India Insight

India’s richest man takes a pay cut

Mukesh Ambani has accepted a two-thirds cut in his salary in 2008/09 as chairman and managing director of Reliance Industries. His total compensation fell 66 percent to 150 million rupees.

The move comes just days after Corporate Affairs Minister Salman Khursheed warned firms against paying huge salaries to top company brass.

Ambani’s “desire to set a personal example of moderation in executive compensation” may be in line with the Congress government’s efforts to shore up public finances with an austerity drive of its own.

Excessive compensation has sparked outrage across the developed world after years of multi-million dollar bonuses paid out to executives, even at money-losing firms.

Politicians and policy makers have advocated curbs on these salaries, a theme echoed at the G20 meeting in September.

Will the Congress party’s austerity drive work?

When India’s ruling Congress party asked ministers and bureaucrats to cut down on needless expenses at a time of recession and deepening drought, many in the country had one question on their lips: will the austerity drive work?Rahul Gandhi tried to set an example by travelling by train as an ordinary passenger. His mother, Sonia, abandoned her private army plane and flew economy class on a commercial flight for a party rally in Mumbai.But there is still a great deal of scepticism among people. Some of the doubting was fuelled after the train Rahul was travelling in was pelted with stones. Experts said Rahul’s train trip was a security risk, which could cramp the austerity drive.But it’s not just the security concerns alone. The austerity drive also drew ridicule following a controversy over two senior government ministers staying in luxury hotel suites priced at $1,000 and $1,500 a night until their official residences were ready.Both ministers said they’d paid for their suites themselves, but stung by criticism amid the government’s austerity drive, they moved to more modest temporary homes.However, it was too late to change the mind of ordinary Indians who over years of Nehruvian socialism had begun to associate Congress politicians as leaders in simple hand-spun cotton, or khadi, clothes who drove around in old-fashioned Ambassador cars.Now, the question many are asking is: will the austerity drive last with election campaigns for Maharashtra and Haryana about to begin?True, with the economy in trouble, the government is making an effort with the finance ministry appealing for fewer overseas trips and smaller entourages as well as a ban on conferences in luxury hotels.But it isn’t easy: one minister protested he was “too tall” to fly economy while another said their positions demand they entertain in style.So, will the government’s austerity drive last? The opposition Bharatiya Janata Party (BJP) doesn’t think so. A BJP spokesman said it was just an “election gimmick” and they would go back to their usual ways once the state elections were over.Will they?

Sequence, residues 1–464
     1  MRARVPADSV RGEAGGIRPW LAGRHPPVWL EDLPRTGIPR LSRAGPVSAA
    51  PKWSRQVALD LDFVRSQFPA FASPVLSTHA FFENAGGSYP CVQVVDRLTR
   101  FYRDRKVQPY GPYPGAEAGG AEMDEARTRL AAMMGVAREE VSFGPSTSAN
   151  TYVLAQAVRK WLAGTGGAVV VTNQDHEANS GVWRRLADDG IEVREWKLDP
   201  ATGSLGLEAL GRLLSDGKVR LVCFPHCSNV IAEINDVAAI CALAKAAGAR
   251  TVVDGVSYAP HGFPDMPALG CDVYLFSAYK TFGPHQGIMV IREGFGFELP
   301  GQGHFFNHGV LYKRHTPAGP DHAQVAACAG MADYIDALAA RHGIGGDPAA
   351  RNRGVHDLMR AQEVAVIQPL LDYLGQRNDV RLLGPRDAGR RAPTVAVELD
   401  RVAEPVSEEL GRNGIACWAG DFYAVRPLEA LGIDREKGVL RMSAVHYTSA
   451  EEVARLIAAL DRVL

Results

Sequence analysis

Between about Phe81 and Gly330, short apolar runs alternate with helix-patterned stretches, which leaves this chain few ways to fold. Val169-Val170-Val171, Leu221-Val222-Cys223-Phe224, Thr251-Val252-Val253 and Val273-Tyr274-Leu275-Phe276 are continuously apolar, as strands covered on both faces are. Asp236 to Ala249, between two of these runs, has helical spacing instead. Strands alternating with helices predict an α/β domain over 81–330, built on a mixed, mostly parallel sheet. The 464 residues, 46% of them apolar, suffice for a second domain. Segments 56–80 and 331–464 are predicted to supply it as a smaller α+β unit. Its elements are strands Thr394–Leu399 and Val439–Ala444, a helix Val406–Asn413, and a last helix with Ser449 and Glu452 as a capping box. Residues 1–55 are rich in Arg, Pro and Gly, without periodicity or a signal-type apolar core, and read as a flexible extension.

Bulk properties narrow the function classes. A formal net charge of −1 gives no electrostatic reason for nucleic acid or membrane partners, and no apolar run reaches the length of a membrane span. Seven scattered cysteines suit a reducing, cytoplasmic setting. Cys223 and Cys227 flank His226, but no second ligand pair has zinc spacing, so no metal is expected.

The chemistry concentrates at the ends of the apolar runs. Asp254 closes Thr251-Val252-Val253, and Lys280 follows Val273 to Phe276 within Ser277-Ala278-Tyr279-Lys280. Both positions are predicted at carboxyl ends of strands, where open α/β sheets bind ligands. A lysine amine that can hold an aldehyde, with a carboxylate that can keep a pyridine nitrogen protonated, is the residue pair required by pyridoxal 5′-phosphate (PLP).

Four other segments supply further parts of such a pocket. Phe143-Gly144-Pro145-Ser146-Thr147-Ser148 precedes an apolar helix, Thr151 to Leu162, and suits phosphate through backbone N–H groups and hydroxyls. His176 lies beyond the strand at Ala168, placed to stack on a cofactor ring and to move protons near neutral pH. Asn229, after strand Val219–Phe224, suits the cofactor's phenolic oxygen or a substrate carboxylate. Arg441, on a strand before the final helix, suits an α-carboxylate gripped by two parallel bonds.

•